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“Bad writing can undermine everything you’re trying to do.” As someone who started out as a marketing copywriter and who still spends a lot of time today teaching business writing and writing books, I couldn’t wait to talk to copywriting and web writing expert Nick Usborne about how the words we use help us build better brands. We discussed this and much more this week on the On Brand podcast.
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About Nick Usborne
Nick Usborne is an online copywriter and trainer who wrote his first website in 1995. When his book, Net Words, was published by McGraw-Hill in 2002, it was one of the very first to address the new profession of writing for the web. After writing web copy for nearly two decades, Nick began teaching companies and organizations how to write better websites. A few years later, he began converting his corporate training materials into courses and programs for freelance writers and copywriters. Today, Nick continues to immerse himself in teaching the craft of conversational copywriting.
Having worked with clients like Citibank, Apple, Reuters, WebEx, and New York Times, Nick has seen it all in the world of copywriting — and he knows what works. He’s earned 15 awards in direct response marketing — both in Europe and North America — and he’s worked as an advisor and consultant to various startups — primarily in online consumer product sales. He’s spoken at numerous online marketing conferences, as well as conducted in-house seminars and training sessions for companies like Yahoo!, Novartis Pharma, John Deere, Walt Disney Attractions, and more.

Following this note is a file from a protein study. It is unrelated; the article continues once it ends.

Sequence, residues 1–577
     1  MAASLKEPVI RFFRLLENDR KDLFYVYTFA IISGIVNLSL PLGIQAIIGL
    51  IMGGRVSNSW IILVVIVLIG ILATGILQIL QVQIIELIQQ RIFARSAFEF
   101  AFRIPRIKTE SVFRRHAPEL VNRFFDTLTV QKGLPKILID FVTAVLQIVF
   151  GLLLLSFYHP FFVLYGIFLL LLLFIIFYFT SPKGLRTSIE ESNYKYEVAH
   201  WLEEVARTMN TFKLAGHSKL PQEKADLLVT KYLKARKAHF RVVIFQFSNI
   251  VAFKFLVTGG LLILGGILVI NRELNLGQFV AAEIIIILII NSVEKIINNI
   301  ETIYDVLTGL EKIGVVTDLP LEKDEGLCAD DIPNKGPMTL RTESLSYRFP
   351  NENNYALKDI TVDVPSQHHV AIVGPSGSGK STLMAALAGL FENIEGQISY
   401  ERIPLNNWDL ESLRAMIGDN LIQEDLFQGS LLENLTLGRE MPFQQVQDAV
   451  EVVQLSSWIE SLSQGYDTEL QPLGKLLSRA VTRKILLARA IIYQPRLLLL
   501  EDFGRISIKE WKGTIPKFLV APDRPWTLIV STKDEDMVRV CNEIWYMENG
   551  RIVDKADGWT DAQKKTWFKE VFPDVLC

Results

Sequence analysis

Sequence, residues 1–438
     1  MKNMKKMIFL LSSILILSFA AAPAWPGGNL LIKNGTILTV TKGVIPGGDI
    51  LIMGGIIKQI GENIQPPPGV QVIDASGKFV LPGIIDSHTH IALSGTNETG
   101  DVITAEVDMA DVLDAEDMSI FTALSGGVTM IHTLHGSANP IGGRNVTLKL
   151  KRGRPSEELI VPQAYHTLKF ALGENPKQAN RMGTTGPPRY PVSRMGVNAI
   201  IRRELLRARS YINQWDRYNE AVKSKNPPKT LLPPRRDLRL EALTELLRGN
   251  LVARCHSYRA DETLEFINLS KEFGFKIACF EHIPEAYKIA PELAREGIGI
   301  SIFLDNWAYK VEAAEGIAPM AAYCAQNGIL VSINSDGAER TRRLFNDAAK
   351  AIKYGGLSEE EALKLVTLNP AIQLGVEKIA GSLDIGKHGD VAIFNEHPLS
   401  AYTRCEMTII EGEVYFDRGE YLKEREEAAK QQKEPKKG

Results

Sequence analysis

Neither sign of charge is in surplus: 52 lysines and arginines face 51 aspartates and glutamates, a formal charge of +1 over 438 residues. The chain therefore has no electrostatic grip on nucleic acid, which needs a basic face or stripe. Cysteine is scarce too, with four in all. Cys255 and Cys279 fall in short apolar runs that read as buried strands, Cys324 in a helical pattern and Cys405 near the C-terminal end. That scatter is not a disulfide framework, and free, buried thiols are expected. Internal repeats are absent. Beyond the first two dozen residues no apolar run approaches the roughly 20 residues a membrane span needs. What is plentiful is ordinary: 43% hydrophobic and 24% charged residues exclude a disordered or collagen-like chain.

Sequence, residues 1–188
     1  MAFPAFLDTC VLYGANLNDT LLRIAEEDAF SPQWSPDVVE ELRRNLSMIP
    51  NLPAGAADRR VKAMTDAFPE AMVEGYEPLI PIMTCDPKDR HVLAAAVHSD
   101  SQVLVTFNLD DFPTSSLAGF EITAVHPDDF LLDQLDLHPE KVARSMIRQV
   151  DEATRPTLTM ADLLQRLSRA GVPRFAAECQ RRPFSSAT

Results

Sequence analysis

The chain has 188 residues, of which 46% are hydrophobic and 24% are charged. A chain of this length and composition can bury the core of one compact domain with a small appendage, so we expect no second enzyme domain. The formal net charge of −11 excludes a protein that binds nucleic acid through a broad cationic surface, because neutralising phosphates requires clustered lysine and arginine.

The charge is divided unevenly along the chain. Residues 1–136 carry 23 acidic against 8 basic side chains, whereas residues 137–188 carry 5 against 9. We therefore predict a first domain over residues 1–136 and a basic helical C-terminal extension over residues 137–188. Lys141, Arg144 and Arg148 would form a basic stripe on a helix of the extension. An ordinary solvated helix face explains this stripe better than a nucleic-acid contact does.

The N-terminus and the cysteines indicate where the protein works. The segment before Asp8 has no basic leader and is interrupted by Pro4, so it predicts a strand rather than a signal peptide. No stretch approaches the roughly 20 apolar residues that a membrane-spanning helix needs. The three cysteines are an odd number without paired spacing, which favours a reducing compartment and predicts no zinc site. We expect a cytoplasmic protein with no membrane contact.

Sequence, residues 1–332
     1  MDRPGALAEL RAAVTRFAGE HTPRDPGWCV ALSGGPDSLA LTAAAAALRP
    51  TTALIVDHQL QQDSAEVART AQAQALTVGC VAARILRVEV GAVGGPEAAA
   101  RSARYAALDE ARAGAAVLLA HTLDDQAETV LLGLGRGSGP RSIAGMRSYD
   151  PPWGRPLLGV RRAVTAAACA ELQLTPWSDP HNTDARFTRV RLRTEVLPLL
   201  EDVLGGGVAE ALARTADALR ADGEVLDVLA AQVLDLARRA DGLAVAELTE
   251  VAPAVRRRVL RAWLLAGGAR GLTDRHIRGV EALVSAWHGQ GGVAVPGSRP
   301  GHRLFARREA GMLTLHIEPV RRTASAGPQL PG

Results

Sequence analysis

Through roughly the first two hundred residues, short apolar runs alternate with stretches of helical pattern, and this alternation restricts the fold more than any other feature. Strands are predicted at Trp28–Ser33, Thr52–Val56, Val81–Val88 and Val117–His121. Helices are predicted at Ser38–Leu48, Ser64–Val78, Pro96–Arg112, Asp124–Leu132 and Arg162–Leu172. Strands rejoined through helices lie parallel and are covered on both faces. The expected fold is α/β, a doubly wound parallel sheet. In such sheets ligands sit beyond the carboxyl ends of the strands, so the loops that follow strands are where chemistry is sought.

Nick lives in Montreal, Quebec, Canada, where he’s not always sitting in front of a keyboard. When he’s not working, and if the weather is being kind, he can often be seen enjoying the outdoors via kayak or bike. In the winter he’s out on his cross-country skis most days.
“A lot of writing is unnecessarily clever.” Especially in marketing. Nick notes that when you make your marketing copy too complex and clever, you put distance between your brand and your customer. “Customers connect with brands that sound accessible.”
Why is clear and concise writing so hard? “We’ve had it educated out of us in grammar school, university, and god help you if you’ve been to a business school. You end up writing in a way no one can understand.”
How has writing for the web changed brand building? “Before, companies had more control of the brand,” says Nick. “Today the brand is the experience people have with the brand.” But, because of the web, we can also listen to our customers more than we could before.
What brand has made Nick smile recently? Nick shared the story of Ernest Packaging Solutions. In spite of their use of the word ‘solutions’ (“It should be banned in marketing other than for chemical companies”), the company makes their customers smile by making unconventional things like surfboards out of cardboard boxes. If a cardboard box company can make their customers smile, you can too!
To learn more, check out the special page Nick made for listeners of the show at conversationalcopywriting.com/onbrand.
As We Wrap …
Did you hear something you liked on this episode or another? Do you have a question you’d like our guests to answer? Let me know on Twitter using the hashtag #OnBrandPodcast and you may just hear your thoughts here on the show.
On Brand is sponsored by my book Brand Now. Discover the seven dynamics to help your brand stand out in our crowded, distracted world. Order now and get special digital extras. Learn more.
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Until next week, I’ll see you on the Internet!